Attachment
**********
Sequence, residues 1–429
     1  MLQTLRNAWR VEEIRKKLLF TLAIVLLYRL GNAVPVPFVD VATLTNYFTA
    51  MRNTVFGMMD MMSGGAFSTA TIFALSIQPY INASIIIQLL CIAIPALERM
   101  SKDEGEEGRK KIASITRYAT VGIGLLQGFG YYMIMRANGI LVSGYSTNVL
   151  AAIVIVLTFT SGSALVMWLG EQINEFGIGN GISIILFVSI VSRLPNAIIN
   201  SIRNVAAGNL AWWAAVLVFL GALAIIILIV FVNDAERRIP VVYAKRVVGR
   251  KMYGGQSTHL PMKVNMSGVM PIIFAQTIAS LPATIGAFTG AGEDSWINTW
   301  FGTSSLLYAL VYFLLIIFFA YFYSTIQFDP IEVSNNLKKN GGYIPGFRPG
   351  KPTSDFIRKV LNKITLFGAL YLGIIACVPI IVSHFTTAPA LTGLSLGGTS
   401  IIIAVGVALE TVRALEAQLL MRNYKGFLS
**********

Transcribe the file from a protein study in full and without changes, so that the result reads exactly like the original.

Sequence, residues 1–429
     1  MLQTLRNAWR VEEIRKKLLF TLAIVLLYRL GNAVPVPFVD VATLTNYFTA
    51  MRNTVFGMMD MMSGGAFSTA TIFALSIQPY INASIIIQLL CIAIPALERM
   101  SKDEGEEGRK KIASITRYAT VGIGLLQGFG YYMIMRANGI LVSGYSTNVL
   151  AAIVIVLTFT SGSALVMWLG EQINEFGIGN GISIILFVSI VSRLPNAIIN
   201  SIRNVAAGNL AWWAAVLVFL GALAIIILIV FVNDAERRIP VVYAKRVVGR
   251  KMYGGQSTHL PMKVNMSGVM PIIFAQTIAS LPATIGAFTG AGEDSWINTW
   301  FGTSSLLYAL VYFLLIIFFA YFYSTIQFDP IEVSNNLKKN GGYIPGFRPG
   351  KPTSDFIRKV LNKITLFGAL YLGIIACVPI IVSHFTTAPA LTGLSLGGTS
   401  IIIAVGVALE TVRALEAQLL MRNYKGFLS